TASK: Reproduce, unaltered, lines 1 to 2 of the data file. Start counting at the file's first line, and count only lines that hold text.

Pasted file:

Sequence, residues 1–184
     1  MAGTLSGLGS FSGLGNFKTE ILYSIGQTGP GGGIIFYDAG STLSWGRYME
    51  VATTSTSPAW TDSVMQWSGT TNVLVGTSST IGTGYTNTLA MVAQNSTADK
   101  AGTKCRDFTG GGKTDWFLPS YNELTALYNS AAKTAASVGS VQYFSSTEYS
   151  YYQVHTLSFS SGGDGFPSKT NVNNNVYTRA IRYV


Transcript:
Sequence, residues 1–184
     1  MAGTLSGLGS FSGLGNFKTE ILYSIGQTGP GGGIIFYDAG STLSWGRYME